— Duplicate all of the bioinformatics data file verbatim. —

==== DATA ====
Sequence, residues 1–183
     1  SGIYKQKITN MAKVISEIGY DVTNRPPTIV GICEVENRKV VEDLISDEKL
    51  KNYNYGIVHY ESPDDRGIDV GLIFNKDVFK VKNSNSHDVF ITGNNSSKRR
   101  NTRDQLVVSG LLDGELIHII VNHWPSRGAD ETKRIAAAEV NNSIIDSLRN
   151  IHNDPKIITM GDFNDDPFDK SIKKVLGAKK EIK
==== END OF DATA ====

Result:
Sequence, residues 1–183
     1  SGIYKQKITN MAKVISEIGY DVTNRPPTIV GICEVENRKV VEDLISDEKL
    51  KNYNYGIVHY ESPDDRGIDV GLIFNKDVFK VKNSNSHDVF ITGNNSSKRR
   101  NTRDQLVVSG LLDGELIHII VNHWPSRGAD ETKRIAAAEV NNSIIDSLRN
   151  IHNDPKIITM GDFNDDPFDK SIKKVLGAKK EIK